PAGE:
Spirituality is not often a locus of focus these modern days. Whereas it was front and center in Native American life and in ancient times, spirituality is nowadays much more relegated to third-class citizenry, if even that. To be sure, we’ve made such tremendous leaps and bounds in science and technology that much of the practical motivation has disappeared (no more rain dances to the weather gods necessary when you’ve got Monsanto, John Deere, GMO seeds, and GPS-guided tractors on the job) but putting that aside for a moment, it’s struck me as I’ve gotten older just how vacuous living daily life has become in spirituality’s absence.
Ask ten different people what spirituality is to them and you’ll receive at least eleven different answers. So I’ll just clarify what I mean when I discuss “spirituality.” To me, “spirituality stuff” is what you’ll find in the “New Age” religion section at any Barnes & Noble. It’s an attempt to explain (currently) unanswerable questions like, “What happens when you die?”; “How does Karma and resurrection work?”; and supernatural phenomena like visions, déjà vu, or lucid dreams. Often, these conversations will also involve phrases like “energy levels” and crystals/gem stones (very similar to the kind you’d find at Wall Drug). Meditation is also super-huge.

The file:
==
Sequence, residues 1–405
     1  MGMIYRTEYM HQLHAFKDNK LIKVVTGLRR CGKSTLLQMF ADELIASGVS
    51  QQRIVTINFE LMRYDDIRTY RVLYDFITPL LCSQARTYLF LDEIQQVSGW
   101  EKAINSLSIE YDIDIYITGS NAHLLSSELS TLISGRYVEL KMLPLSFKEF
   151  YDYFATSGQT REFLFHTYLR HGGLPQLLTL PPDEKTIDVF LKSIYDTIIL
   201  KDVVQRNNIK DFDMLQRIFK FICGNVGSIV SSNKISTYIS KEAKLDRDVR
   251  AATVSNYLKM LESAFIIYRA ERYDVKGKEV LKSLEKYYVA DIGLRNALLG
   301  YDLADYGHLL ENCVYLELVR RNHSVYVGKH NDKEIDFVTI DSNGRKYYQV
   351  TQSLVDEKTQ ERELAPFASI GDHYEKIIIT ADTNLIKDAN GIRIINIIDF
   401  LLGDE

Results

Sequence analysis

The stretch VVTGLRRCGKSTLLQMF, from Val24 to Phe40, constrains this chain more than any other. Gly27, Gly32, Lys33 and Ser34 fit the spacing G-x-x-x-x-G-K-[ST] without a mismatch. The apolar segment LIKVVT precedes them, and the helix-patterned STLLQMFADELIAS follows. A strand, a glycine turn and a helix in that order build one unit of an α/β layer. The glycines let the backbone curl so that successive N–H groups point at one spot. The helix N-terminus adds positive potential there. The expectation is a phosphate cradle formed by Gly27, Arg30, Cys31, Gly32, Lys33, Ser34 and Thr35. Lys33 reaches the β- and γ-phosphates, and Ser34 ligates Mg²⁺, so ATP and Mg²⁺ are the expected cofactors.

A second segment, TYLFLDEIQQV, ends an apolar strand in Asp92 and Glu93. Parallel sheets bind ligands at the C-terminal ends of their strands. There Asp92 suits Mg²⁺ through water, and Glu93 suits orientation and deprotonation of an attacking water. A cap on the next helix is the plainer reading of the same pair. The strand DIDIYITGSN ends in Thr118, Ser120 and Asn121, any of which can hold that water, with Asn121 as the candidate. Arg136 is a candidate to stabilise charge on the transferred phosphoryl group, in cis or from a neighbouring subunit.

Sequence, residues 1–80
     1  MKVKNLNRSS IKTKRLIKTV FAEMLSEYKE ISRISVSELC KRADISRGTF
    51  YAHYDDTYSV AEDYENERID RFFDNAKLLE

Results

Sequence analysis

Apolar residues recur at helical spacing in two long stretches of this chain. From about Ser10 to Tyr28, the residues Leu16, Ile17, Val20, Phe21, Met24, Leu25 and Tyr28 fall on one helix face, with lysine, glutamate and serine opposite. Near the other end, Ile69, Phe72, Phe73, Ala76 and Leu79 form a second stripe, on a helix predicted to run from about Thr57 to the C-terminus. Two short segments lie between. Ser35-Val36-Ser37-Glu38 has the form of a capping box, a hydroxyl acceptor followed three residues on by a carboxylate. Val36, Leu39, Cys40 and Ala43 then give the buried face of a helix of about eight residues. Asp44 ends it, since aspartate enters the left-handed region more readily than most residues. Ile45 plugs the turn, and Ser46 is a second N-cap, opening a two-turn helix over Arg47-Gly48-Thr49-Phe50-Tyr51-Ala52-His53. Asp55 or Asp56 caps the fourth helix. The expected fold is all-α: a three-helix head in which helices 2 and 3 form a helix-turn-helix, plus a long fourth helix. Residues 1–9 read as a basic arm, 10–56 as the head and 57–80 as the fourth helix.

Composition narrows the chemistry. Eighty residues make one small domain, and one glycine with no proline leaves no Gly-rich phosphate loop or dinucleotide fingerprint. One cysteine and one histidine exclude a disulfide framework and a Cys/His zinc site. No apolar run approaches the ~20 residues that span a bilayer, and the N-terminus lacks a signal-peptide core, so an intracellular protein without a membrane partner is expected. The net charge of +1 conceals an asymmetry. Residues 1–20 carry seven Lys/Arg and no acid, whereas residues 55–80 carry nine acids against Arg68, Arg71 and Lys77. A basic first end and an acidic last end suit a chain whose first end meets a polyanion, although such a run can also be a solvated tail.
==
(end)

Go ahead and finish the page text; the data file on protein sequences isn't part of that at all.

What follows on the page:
Honestly, I never knew anything about any of this but Bagel is really super into it. And thus, I’ve gotten really into it. I like it! To me, it’s extraordinarily arrogant to think that human beings, a species that doesn’t even fully understand gravity yet, can in good-faith “close the door” on all of the New Age spirituality stuff. Russell’s Teapot and Flying Spaghetti Monster are all in the realm of possibility, no matter how ludicrous they may at first sound. My general stance on all of this is thus: “Is it useful?” Once we leave mathematics and the hard sciences, it all just becomes unfalsifiable belief claims anyway. So why not believe what motivates and inspires you? The philosopher and founder of American Pragmatism, Charles Sanders Peirce (1839–1914) calls it “experiential cash value” and I think he’d agree with me.